SPECIAL NOTE: EU and other Berne countries are EXEMPT from having to file any formal copyright registrations when pursuing US-based infringers. However, they can only pursue actual damages (the licensing fee) and disgorgement of profits, if any. Both Berne and US creatives are not eligible to pursue attorney fees without a timely registered copyright, making it financially difficult to pursue American infringers.

Those who choose not to timely register their photo copyrights with the USCO, should, at the very least affix some CMI, as that will permit them to pursue up to US$25K + attorney fees + other remedies against the infringer who either removed, covered-up, or altered any CMI to hide or induce copyright infringements.

If your legal team is pursuing an infringer in the US, they’ll really need a timely registered copyright to be able to pursue any significant damages.

Scott Choucino: Your images are beautifully photographed and styled! Please re-consider registering them with the US Copyright Office (you can economically group-register up to 750 images in one one-line eCO Standard Application for US$55 total fee--it’s NOT US$55 per each image being registered).


I am ok with no watermark but how will a potential client be able to contact me if he see only the picture...?

Scott Choucino's picture

I think that if a client needs your services they will either know you or be on your website. I don't think people find random images and decide to book a photographer. it is more likely that they are looking for a photographer and would therefor find your images via your website.

In the US, if they can't find you after conducting a diligent search, your work can be deemed "orphaned."

In my book, there are more advantages of affixing CMI than not. Read up on what I've written previously and see

Robert Nurse's picture

Just for the sake of my own vanity, I'd be curious to see if any of my images were stolen. I doubt that any of them are. But, I might find it kind of cool if they were. I'd only be concerned if they were portraits of people who might take offense. How would one perform a search?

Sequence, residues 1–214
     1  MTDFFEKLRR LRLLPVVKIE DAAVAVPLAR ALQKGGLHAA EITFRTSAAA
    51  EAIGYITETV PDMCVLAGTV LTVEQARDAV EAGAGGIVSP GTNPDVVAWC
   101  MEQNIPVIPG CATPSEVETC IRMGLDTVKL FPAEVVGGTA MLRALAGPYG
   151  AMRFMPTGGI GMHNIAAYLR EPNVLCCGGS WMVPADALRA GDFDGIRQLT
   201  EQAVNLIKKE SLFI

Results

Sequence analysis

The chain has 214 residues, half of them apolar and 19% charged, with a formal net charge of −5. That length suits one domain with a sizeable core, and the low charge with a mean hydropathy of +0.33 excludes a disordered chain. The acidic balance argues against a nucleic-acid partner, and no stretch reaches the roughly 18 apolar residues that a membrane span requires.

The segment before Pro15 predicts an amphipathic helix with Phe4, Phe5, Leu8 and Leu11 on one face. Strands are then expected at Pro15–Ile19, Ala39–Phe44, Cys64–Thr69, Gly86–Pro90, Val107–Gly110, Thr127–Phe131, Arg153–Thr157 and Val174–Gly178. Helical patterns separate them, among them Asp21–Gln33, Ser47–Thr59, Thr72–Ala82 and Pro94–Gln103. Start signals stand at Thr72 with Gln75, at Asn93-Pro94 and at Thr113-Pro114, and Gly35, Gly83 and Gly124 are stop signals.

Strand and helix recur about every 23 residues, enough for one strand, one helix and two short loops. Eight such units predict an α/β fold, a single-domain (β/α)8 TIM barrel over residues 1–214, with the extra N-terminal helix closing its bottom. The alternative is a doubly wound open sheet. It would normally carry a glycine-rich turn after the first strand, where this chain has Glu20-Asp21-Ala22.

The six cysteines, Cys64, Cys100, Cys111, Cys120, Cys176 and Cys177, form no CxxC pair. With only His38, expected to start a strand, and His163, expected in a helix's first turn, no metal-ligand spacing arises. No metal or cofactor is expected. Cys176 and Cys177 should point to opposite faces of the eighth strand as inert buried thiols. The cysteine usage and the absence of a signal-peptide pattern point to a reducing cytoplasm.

Joe Healey's picture

For a fee Image Rights is a service that will search for you. This is not an endorsement, just a note that I came across them while researching the same thing. Also, Google has a method however I am less familiar with that.

Joe Healey's picture

This site desperately needs a copyright attorney contributor. If your images have been stolen 22 times and you rarely seem to mind, why do even bother charging for your images?

Nicely said, Joe! There’s way too much incorrect or dated copyright information circulating the Internet. Some of the Fstoppers contributors/writers are based in the EU, and don’t really understand how US copyright law and its registration procedure function.

Getting a seasoned copyright litigator (US + EU) to chime in during these IP discussions would help Fstoppers photographers better understand their rights.

When I share a comment, I’ll often provide legal US citations and/or links to attorney-based blogs and videos to support my copyright advocacy.

Scott Choucino's picture

Yes I have no idea how US copyright law works. I have a small understanding of the UK law, but my agent and a legal team I work with deal with that side of things.

The UK is fairly litigious, but I don't believe it to be anywhere near the scale of the US, so that is worth noting with my opinion.